Santal people

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Santali dance photo.png
Santali people
Total population
7.4 million
Regions with significant populations
 India,  Bangladesh
Jharkhand 2,752,723[1]
West Bengal 2,512,331[1]
Odisha 894,764[1]
Assam ~500,000
Bihar 406,076[1]
 Bangladesh 300,061 (2001)[2]
   Nepal 42,698[3]
Santali,Bengali, Hindi
Sari Dharam  • Sarnaism  • Hinduism  • Christianity
Related ethnic groups
Mundas  • Hos  • Kols  • other Mon-Khmer people
Dhodro banam musical instruments

The Santal, or rarely Santals (Santali:ᱥᱟᱱᱛᱟᱲ,Hindi: सांथाल, Bengali: সাঁওতাল, translit. shãotāl, Nepali: सतार/सन्थाल, translit. satār/santhāl), are an ethnic group, native to Nepal and the Indian states of Jharkhand, West Bengal, Bihar, Odisha. Santhals are the largest tribe in India in terms of population. There is also a significant Santhal minority in neighboring Bangladesh, and a small population in Nepal and Bhutan. They are one of the largest Scheduled Tribe communities in India. The Santal mostly speak Santali.

Santali language[edit]

The Reverend J. Phillips published 'An Introduction to the Santal Language' in 1852, printed at the Calcutta School – Book Society's Press.

Lars Olsen Skrefsrud, a Norwegian missionary and a language researcher, published 'A Grammar of Santhali Language' in 1873.

Paul Olaf Bodding (born Gjøvik, Norway on 2 November 1865, died Odense, Denmark on 25 September 1938) was a Norwegian missionary, linguist and folklorist. He served in India for 44 years (1889–1933), and operated mainly from the town Dumka in the Santhal Parganas-district. Bodding created the first alphabet and wrote the first grammar for the Santhali-speaking native people in eastern India.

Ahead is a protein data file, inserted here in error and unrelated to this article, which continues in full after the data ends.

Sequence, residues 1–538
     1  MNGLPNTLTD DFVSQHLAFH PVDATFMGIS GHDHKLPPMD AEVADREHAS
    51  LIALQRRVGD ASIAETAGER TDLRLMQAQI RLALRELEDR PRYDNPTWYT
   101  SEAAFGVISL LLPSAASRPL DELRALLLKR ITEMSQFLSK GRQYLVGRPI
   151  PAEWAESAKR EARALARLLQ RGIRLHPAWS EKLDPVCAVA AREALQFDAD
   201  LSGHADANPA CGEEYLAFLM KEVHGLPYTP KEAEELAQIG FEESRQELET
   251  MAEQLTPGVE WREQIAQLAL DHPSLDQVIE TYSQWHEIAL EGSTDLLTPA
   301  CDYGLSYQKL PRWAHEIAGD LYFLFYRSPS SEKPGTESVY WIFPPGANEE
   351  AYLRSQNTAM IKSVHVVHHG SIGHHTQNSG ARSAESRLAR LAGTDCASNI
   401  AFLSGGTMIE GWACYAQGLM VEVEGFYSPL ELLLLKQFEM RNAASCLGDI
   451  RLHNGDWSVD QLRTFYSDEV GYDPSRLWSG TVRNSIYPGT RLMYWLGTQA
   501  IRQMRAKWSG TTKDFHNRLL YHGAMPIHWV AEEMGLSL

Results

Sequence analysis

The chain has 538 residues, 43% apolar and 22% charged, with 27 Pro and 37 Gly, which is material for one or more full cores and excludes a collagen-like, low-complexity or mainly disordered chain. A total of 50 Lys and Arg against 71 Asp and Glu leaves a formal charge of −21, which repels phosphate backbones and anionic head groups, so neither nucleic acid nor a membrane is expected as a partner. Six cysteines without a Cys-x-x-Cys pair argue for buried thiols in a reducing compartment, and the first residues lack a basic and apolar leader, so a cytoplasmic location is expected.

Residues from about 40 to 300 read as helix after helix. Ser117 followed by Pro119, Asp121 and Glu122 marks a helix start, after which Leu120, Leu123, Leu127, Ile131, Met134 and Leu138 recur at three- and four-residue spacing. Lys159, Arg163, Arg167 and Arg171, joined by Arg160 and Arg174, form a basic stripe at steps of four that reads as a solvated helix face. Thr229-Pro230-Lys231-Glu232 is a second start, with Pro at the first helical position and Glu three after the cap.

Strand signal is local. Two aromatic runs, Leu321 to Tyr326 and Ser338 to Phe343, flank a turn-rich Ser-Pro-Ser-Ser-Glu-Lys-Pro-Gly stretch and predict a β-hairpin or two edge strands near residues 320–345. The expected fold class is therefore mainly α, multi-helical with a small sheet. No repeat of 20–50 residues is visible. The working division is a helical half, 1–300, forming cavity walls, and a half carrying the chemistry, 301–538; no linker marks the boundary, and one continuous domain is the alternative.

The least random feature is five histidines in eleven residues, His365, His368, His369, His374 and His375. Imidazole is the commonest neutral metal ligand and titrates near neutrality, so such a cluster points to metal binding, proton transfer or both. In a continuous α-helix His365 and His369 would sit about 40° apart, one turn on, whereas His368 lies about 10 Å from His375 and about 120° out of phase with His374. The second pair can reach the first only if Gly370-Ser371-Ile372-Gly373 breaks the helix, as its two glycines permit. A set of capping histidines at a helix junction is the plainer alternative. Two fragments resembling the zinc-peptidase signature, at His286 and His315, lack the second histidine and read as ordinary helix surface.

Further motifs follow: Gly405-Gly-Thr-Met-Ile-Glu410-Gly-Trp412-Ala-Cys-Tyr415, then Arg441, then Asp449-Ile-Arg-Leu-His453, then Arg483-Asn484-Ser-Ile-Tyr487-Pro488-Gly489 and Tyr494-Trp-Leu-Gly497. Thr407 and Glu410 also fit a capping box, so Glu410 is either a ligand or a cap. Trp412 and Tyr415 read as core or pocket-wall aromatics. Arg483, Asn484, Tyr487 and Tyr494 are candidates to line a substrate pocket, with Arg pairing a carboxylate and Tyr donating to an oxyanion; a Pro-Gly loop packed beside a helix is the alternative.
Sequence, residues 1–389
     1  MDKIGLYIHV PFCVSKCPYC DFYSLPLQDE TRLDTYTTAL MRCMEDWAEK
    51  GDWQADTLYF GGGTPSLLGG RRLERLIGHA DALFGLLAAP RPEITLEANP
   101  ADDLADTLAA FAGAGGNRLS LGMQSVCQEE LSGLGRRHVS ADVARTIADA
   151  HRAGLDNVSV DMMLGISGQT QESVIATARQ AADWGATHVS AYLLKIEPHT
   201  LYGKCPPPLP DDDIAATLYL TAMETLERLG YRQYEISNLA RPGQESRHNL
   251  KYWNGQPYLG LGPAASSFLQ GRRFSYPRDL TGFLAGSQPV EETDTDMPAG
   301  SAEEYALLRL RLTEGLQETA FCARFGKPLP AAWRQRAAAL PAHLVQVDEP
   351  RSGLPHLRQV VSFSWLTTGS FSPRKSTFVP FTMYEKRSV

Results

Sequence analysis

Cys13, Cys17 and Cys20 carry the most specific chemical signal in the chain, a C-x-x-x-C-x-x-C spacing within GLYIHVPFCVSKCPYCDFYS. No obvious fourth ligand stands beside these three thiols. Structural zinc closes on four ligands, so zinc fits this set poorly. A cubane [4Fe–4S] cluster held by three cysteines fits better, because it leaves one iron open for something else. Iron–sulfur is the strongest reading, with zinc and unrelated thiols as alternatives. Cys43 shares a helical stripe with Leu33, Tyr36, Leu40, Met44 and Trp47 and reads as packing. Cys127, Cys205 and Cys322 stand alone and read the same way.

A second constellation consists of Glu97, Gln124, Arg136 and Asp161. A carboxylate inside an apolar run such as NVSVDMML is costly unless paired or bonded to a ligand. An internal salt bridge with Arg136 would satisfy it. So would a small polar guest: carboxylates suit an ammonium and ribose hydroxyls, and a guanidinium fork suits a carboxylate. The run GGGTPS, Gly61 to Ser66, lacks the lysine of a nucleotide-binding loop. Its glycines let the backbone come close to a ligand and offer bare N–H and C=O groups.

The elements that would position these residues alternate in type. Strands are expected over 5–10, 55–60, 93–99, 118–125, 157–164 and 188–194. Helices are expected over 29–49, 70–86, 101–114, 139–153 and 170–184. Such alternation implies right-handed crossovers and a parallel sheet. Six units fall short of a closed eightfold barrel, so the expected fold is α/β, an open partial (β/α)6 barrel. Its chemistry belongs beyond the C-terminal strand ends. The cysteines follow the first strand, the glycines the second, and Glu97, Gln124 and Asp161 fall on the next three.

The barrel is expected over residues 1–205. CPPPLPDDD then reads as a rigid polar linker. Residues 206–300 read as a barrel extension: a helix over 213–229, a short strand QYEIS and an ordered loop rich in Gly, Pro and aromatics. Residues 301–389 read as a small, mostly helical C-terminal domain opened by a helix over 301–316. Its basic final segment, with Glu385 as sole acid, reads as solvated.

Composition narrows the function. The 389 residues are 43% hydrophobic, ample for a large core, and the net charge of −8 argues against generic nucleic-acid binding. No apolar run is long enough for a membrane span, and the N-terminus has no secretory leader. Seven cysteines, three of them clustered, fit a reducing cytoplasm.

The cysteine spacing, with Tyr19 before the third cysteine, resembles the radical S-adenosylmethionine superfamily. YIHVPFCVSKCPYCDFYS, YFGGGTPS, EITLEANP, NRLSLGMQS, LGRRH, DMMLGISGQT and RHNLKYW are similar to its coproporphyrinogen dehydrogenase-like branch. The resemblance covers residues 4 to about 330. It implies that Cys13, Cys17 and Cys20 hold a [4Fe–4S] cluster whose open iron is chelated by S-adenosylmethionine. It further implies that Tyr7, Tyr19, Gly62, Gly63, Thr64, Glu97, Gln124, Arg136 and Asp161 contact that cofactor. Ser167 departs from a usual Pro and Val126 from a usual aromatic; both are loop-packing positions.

In about 1925 Raghunath Murmu created Ol Chiki script for the Santali language.[citation needed]


One of the most studied tribal religions in India, the Santal religion (Sari Dharam) worships Marang buru (God), or Bonga (God), as the Supreme Deity. The weight of belief, however, falls on a court of spirits (Bonga), who handle different aspects of the world and who are placated with prayers and offerings in order to ward off evil influences. These spirits operate at the village, household, ancestor, and sub-clan level, along with evil spirits that cause disease and can inhabit village boundaries, mountains, water, tigers, and the forest. A characteristic feature of the Santhal village is a sacred grove (known as the Jaher[4] or "Santal Sthal") on the edge of the settlement where many spirits live and where a series of annual festivals take place.[5]

A yearly round of rituals connected with the agricultural cycle, along with life-cycle rituals for birth, marriage and burial at death, involve petitions to the spirits and offerings that include the sacrifice of animals, usually birds. Religious leaders are male specialists in medical cures who practice divination and witchcraft (the socio-historic meaning of the term, used here, refers to the ritual practice of magic and is not pejorative). Similar beliefs are common among other tribes of northeast and central India such as the Kharia, Munda, and Oraon.[5]

Smaller and more isolated tribes often demonstrate articulated classification systems of the spiritual hierarchy less well documented, described as animism or a generalized worship of spiritual energies connected with locations, activities, and social groups. Religious concepts are intricately entwined with ideas about nature and interaction with local ecological systems. As in Santal religion, religious specialists are drawn from the village or family and serve a wide range of spiritual functions that focus on placating potentially dangerous spirits and coordinating rituals.[5]